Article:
At her clinical follow-up 4 weeks after hospital discharge, the patient had made a complete recovery and was enjoying life with her new child to the full. No further active management is planned, although the patient will be monitored.


Spontaneous hemothorax may result from rupture of subpleural arteriovenous malformations.2 Pulmonary arteriovenous malformations (PAVMs) may be defined as direct communications between branches of a pulmonary artery and pulmonary vein, without an intervening pulmonary bed. These malformations are rare, and more than 80% are congenital.3 There is an association of PAVMs with Rendu-Osler-Weber syndrome (hereditary hemorrhagic telangiectasia).3,4

Pregnancy can increase the size of PAVMs, due in part to the increase in cardiac output and to hormonal change. Increased progesterone levels dilate the arteriolar smooth muscle, reducing resistance to blood flow through a pre-existing PAVM.3–5

Pulmonary arteriovenous malformations can be asymptomatic or can present with fatigue, exertional dyspnea, hemoptysis, and chest pain. Clinical signs include cyanosis, clubbing, telangiectasia, hemothorax, or a pulmonary bruit.3,6 Although a plain chest radiograph can aid diagnosis, the definitive diagnostic tests are contrast-enhanced computed tomography and pulmonary angiography.3 In pregnancy, PAVM can at first be mistaken for pulmonary embolism, which is a far more common cause of respiratory distress and reduced breath sounds upon clinical examination.3 However, in the presence of reduced breath sounds, hemothorax is suggested by reduced tactile vocal fremitus and by a stony dull percussion note. This diagnosis can be confirmed by hazy opacification upon chest radiography and by the appearance of fluid upon chest ultrasonography. Conversely, reduced tactile vocal fremitus accompanied by a resonant percussion note is suggestive of pneumothorax, which can be confirmed by a chest radiograph that shows a line of demarcation between lung tissue and chest wall. This line of demarcation, if present, is best seen at the apex.7 The presence of air and fluid in the chest (hydropneumothorax) can be diagnosed by succussion splash and by the presence of an air–fluid interface on the chest radiograph. Treatment is indicated in symptomatic patients and in those who display lesions greater than 2 cm in diameter on a plain chest radiograph.3 Initial management with therapeutic embolization may well be appropriate in pregnant patients who present with symptomatic PAVM.3–5 In patients who are hemodynamically unstable or in whom embolization has failed, open surgical resection of the PAVM has shown success.3–6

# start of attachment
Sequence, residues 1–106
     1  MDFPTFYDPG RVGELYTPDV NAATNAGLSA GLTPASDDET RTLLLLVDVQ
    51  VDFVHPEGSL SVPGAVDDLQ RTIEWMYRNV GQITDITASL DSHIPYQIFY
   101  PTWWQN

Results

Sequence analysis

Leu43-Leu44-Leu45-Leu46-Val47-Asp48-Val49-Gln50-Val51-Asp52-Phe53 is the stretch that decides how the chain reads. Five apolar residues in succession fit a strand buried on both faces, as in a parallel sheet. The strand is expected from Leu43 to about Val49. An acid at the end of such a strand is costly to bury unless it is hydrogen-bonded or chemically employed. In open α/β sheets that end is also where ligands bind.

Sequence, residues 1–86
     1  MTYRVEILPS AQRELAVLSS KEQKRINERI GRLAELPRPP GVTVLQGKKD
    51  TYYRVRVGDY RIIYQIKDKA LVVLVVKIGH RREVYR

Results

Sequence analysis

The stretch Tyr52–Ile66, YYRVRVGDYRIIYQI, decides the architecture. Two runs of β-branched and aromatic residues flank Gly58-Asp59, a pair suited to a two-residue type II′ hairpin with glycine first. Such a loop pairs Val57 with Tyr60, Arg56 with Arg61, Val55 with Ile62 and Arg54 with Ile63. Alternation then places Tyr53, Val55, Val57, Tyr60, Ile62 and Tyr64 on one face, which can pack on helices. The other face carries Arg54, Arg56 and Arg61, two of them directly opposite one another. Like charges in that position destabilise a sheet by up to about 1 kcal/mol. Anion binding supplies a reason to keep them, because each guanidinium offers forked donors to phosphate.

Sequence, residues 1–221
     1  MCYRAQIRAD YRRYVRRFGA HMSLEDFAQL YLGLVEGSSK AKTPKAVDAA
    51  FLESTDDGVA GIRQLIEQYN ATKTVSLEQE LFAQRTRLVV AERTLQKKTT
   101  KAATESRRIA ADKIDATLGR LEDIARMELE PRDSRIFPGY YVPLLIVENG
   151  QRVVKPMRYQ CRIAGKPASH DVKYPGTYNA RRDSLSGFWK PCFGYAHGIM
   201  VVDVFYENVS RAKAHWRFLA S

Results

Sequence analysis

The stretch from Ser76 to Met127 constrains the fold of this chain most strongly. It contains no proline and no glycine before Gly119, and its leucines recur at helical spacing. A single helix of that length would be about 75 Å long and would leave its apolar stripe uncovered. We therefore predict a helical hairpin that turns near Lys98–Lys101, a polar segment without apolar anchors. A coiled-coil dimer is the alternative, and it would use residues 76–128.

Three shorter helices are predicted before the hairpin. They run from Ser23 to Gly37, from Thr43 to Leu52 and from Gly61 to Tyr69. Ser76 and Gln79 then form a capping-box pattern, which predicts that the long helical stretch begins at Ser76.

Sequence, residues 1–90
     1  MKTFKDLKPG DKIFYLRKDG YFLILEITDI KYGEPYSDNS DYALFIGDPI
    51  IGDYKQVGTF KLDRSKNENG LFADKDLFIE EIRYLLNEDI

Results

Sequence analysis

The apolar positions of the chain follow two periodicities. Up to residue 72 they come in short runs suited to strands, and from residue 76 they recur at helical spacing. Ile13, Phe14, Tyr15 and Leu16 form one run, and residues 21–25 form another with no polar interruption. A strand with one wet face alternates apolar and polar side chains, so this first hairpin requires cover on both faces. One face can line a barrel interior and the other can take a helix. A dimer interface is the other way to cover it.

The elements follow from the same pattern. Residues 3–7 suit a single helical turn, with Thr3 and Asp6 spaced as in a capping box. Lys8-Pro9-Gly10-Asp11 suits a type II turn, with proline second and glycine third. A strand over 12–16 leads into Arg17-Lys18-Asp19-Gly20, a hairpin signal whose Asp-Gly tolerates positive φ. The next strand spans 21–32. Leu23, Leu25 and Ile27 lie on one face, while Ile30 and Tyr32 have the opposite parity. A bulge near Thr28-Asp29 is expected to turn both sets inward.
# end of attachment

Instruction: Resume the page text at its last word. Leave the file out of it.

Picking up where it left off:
We have described a case of massive spontaneous hemothorax that presented during the immediate postpartum period, possibly secondary to a PAVM. In the differential diagnosis of dyspnea both in pregnancy and during the postpartum period, spontaneous hemothorax is an important albeit rare phenomenon that can be confused with pulmonary embolism. Had this patient continued to bleed, appropriate management would have included therapeutic embolization or, failing that, open surgical exploration and resection of the PAVM.


Address for reprints: Harikrishna Doshi, MCh, MRCS, Department of Cardiothoracic Surgery, Aberdeen Royal Infirmary, Aberdeen AB25 2ZN, UK. E-mail: ten.shn@ihsodh


1. Yung CM, Bessen SC, Hingorani V, Clements NC Jr, Caruso AA. Idiopathic hemothorax. Chest 1993;103(2):638–9. [PubMed]
2. Edinburgh KJ, Chung MH, Webb WR. CT of spontaneous hemothorax from intrapleural rupture of a pulmonary arteriovenous malformation. AJR Am J Roentgenol 1998;170(5): 1399–400. [PubMed]
3. Khurshid I, Downie GH. Pulmonary arteriovenous malformation. Postgrad Med J 2002;78(918):191–7. [PMC free article] [PubMed]
4. Laroche CM, Wells F, Shneerson J. Massive hemothorax due to enlarging arteriovenous fistula in pregnancy. Chest 1992; 101(5):1452–4. [PubMed]
5. Esplin MS, Varner MW. Progression of pulmonary arteriovenous malformation during pregnancy: case report and review of the literature. Obstet Gynecol Surv 1997;52(4):248–53. [PubMed]
6. Chanatry BJ. Acute hemothorax owing to pulmonary arteriovenous malformation in pregnancy. Anesth Analg 1992;74 (4):613–5. [PubMed]
7. Llewelyn H, Ang HA, Lewis KE, Al-Abdullah A. Unilateral poor chest expansion: some differential diagnoses and typical outline evidence. In: Oxford Handbook of Clinical Diagnosis. Oxford (UK): Oxford University Press; 2006. p. 378.

Articles from Texas Heart Institute Journal are provided here courtesy of Texas Heart Institute